Charlotte Pacelli (@primpmycostume): I’m particularly excited about your interview, Dave. You’ve been at the forefront of the UK Boylesque scene for an era, so I reckon there’s some great stories and advice in that hunk of a man-frame! Let’s start with the worst costume malfunction you've had on stage and how you handled it?
Dave the Bear: Oh I have had plenty of these. I think the most common for burlesque performers is getting stuck in something and having to rip it off and worry about the consequences later. I was recently wearing a leather jock strap on stage which has poppers at the front and I caught one on my belt and my manhood fell out. I also had quite big gloves on so couldn’t put the popper back for ages. The boss of the whole company was in that night too, and this was in a supper club whilst everyone was eating their steak tartar.
CP: Just a casual day at work. We’re all learning something new today, people. Now I think you may have some good tips up your sleeve/ jock strap for newbies. In your opinion, what are some common costume mistakes you see new performers making?
DTB: It’s not overly common but one of my biggest joys in life is when a new performer does a balloon pop act and puts all the balloons on in the dressing room and then can’t fit through the door to the stage and has to pop half of them to get through. I have actually seen someone do it knowing it would happen and didn’t stop them. I’m going to hell!
CP: We’re all going to hell for that, don’t worry. We actually let that happen to one of our own Folly Mixtures, who got stuck in a theatre dressing room (sorry Ella Boo…). I think discovering how much of a ball-ache preparing a balloon-pop is, is a rite of passage for any burlesque performer. In recent years, I’ve noticed that Facebook and Instagram have really perpetuated trends in particular costume pieces. Have you noticed any current costuming trends on the circuit?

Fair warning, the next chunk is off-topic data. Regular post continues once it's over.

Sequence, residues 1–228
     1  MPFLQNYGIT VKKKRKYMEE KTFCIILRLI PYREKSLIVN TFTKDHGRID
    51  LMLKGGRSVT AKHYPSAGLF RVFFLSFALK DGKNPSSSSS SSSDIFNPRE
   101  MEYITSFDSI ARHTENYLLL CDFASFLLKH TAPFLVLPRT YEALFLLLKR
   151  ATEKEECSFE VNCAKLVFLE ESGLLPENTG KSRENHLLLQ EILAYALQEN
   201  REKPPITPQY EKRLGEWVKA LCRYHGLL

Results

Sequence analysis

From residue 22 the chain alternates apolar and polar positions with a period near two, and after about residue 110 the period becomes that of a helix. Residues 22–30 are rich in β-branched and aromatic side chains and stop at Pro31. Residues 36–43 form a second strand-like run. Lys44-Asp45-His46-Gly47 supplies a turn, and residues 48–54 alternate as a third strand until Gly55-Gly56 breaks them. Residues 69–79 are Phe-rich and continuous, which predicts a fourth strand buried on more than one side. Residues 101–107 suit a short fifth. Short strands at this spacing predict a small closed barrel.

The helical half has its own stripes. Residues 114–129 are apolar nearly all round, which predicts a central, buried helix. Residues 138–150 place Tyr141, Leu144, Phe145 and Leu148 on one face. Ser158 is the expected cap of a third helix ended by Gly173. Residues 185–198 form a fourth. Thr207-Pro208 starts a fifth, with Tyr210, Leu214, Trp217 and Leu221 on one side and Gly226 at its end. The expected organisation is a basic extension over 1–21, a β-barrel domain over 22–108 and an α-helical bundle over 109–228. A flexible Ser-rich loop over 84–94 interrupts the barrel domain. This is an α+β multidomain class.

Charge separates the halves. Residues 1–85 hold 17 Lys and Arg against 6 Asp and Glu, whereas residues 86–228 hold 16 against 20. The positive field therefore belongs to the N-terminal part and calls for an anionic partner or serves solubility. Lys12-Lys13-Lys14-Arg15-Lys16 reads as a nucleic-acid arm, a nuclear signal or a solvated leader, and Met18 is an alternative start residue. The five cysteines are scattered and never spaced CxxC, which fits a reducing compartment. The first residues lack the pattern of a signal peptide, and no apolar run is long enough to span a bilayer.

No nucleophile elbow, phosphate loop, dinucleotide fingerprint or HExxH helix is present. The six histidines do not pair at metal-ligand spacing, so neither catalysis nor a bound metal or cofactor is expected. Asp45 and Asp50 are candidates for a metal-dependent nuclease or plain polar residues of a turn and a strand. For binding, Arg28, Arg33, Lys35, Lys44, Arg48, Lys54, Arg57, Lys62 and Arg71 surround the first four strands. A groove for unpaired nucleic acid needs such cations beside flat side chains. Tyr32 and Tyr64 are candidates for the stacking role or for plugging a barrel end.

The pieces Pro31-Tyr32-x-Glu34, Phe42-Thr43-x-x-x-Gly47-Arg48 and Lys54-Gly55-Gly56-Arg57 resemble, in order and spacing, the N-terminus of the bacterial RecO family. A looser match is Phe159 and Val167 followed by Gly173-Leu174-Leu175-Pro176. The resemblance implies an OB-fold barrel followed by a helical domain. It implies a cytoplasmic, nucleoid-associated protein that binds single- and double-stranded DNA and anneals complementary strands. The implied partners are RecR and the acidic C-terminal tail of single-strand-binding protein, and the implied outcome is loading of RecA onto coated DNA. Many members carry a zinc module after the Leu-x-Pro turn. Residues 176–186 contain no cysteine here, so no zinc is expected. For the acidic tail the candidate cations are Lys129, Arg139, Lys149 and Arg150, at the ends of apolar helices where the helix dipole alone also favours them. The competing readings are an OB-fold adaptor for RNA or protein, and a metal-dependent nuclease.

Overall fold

DTB: I think RuPaul's Drag Race is inspiring more women these days, I know plenty of girls who have seen runway looks on that and have adapted the look and it’s a great way to find inspiration, I think certain queens on that also look at burlesque performers too for ideas.
CP: I can totally relate. I have genuine love for that programme. Some of the runway looks have been so inspiring. Moving on, can you share with us some of the considerations that you have learnt to be important when designing or buying a costume?
DTB: I think updating a costume is important. I’ve been doing an act of mine once a week for about 8 years but the costume has changed and improved over time. None of it is the same as the original costume, so it stays current. The choreography and music have remained but the costume gets a glow-up every year or so.
CP: There’s only so long one can be Febreezing for! Lastly, give us a sneak peek into your vision for your next costume?
DTB: I love a cowboy look, it’s a good way for a man to stay masculine but also dress up. I have quite a few butch looks so I kind of want a more flamboyant one, kinda Mexican and with a bejewelled bandana over my face. That sounds rubbish but I can see it in my head!
Interview by Charlotte Pacelli (Liberty Sweet) Director of costume makeover service @primpmycostume (IG/ Twitter/ Facebook) / co-founder of London’s leading Burlesque Troupe @thefollymixtures/ original Hurly Burly Girly for @themisspollyrae
Photos by @scottchalmersphotography/ @manelortega